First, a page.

Buckeye Steam Traction Ditcher

| September/October 1989

Traction ditching machine

703 Co. Road 2 So. St. Stephen, Minnesota 56375 Reprinted with permission from the American Society of Mechanical Engineers

Patented by James B. Hill in 1894 as the traction ditching machine, this steam-driven ditcher (No. 88) survives as an example of the first successful machine ditcher. Accurately graded ditches were needed for open drainage, pipeline trenches, or placement of underground agricultural drainage tile. These machines replaced slow and costly hand labor Steam engines were replaced early in the twentieth century by internal combustion engines.

Historical Significance

The Old Black Swamp area of northwest Ohio and southeast Michigan developed rapidly as an agricultural community during the post-Civil War era. The forests had been cleared, but waterlogged clay soils made cultivating the land difficult. Several efforts to increase productivity, such as crop rotation, were made by farmers. Among them was under drainage ditching, a method for laying tiles that act as conduits beneath the soil. Ditches had to be dug along gradients that followed the fall of the land. The tile piping was then laid along the bottom and covered over.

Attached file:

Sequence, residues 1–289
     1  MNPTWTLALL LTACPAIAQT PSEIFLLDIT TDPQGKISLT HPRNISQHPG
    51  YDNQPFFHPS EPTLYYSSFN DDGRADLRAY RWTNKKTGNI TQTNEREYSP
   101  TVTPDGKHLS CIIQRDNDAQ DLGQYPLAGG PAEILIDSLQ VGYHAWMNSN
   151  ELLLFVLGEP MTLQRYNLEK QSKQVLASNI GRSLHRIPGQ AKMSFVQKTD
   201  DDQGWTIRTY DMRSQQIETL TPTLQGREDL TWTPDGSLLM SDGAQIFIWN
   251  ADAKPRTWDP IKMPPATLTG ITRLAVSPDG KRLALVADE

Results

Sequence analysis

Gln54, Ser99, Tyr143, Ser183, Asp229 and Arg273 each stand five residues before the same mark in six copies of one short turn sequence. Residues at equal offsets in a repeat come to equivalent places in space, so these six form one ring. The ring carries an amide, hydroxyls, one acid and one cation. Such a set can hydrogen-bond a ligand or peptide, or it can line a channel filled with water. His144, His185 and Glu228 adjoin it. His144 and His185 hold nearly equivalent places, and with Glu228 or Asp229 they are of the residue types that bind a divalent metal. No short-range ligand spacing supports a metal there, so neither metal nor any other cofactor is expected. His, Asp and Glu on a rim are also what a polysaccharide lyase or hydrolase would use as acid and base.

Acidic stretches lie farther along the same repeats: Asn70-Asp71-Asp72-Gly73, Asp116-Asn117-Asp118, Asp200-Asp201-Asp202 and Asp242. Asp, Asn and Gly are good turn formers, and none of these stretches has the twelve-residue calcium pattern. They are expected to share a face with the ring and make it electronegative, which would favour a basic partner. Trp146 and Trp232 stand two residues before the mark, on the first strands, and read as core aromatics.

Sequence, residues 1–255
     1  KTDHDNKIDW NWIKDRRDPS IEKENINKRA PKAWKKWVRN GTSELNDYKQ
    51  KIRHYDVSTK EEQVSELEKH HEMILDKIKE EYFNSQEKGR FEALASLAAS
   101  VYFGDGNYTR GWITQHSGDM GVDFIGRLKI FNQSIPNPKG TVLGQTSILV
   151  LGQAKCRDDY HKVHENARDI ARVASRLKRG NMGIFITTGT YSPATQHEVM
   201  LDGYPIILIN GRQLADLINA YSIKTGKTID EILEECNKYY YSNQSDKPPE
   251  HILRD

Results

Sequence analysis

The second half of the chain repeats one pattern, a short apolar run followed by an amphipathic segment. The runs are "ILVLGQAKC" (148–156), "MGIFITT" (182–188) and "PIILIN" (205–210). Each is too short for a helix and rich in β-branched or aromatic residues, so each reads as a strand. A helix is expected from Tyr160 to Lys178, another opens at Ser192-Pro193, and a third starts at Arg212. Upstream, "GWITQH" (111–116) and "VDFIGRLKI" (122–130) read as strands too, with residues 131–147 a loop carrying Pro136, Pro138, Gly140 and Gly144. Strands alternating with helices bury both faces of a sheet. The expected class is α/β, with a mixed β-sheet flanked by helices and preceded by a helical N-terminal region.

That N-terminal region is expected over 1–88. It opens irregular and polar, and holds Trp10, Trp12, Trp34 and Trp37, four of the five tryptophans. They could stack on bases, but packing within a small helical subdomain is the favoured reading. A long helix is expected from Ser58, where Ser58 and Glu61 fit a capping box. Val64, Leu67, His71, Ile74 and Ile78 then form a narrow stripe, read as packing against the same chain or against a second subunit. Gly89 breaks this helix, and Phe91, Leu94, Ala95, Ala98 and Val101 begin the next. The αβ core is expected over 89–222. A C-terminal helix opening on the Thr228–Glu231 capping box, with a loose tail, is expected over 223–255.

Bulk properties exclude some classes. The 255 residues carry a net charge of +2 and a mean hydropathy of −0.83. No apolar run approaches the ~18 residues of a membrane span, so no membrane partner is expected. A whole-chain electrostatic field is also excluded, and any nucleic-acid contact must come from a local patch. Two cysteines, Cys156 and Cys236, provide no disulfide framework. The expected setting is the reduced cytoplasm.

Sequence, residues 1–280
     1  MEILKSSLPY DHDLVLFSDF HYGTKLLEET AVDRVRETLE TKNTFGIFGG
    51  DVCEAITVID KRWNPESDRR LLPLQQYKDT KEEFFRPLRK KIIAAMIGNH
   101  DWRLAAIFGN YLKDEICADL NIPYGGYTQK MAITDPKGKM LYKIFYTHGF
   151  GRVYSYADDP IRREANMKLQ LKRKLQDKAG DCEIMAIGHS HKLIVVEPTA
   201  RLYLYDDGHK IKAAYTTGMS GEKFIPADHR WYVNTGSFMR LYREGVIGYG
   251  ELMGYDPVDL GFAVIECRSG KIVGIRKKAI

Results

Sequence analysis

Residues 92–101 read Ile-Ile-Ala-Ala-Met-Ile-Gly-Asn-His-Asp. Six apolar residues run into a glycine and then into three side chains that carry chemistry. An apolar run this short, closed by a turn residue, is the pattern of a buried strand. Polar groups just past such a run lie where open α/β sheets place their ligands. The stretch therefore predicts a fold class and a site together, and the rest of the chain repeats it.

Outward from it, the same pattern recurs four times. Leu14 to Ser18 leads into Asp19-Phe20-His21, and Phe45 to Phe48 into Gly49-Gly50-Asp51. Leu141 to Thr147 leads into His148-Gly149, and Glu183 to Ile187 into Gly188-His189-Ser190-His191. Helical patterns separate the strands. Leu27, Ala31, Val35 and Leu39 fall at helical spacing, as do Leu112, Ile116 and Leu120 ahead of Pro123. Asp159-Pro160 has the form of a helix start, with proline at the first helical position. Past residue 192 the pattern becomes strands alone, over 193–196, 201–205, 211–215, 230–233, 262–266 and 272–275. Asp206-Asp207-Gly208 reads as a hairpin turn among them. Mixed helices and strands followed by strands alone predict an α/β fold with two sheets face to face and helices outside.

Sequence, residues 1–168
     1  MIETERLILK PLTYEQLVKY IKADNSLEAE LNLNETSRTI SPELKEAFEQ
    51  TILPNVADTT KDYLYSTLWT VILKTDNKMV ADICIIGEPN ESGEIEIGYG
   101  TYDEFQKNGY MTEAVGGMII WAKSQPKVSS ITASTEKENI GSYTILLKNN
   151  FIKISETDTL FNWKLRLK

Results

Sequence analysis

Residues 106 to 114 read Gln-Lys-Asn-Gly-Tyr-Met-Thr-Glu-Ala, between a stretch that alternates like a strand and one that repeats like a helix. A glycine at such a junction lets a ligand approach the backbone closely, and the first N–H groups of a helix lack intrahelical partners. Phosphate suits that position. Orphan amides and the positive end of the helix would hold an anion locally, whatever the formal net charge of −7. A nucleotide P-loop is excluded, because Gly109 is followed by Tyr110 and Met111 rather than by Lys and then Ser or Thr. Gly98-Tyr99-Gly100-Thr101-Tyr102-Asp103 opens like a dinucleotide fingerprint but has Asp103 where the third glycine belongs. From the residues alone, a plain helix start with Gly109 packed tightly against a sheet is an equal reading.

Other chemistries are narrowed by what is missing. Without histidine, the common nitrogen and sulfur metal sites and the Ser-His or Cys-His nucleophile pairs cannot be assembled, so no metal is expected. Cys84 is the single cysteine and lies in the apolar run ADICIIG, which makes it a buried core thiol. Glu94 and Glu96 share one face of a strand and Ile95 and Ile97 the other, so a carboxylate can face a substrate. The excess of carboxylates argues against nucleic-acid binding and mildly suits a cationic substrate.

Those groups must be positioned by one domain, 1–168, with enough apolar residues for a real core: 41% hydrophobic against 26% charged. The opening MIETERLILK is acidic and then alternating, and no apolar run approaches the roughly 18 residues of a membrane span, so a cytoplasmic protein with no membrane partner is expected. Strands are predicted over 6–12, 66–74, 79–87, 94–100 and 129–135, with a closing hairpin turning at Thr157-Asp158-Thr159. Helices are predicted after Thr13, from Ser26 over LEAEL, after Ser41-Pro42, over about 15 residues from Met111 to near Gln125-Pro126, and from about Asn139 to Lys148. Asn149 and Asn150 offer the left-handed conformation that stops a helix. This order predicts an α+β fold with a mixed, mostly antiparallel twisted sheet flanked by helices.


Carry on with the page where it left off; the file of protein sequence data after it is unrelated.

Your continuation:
Tiling techniques for draining land were brought to the United States from Scotland in 1821 by John Johnston, who settled in Geneva, New York. Hand labor was used to dig the trenches along a gradient and to lay tile pipe sections to carry off water. Wood planks were used in lieu of tiling until the brick and tile mills could be built to produce clay tiles. A Geneva pottery maker, B. F. Wharten by, perfected and patented the first U. S. tile-making machine for Johnston.

As farmers moved westward, these techniques were studied by state commissions and farmers. Black Swamp farmers had begun digging or widening surface ditches along natural channels beginning about 1860. According to the census, Ohio had 25,000 miles of open drainage ditches by 1920. Of those, 15,000 were located in the Lake Erie drainage basin of northwest Ohio.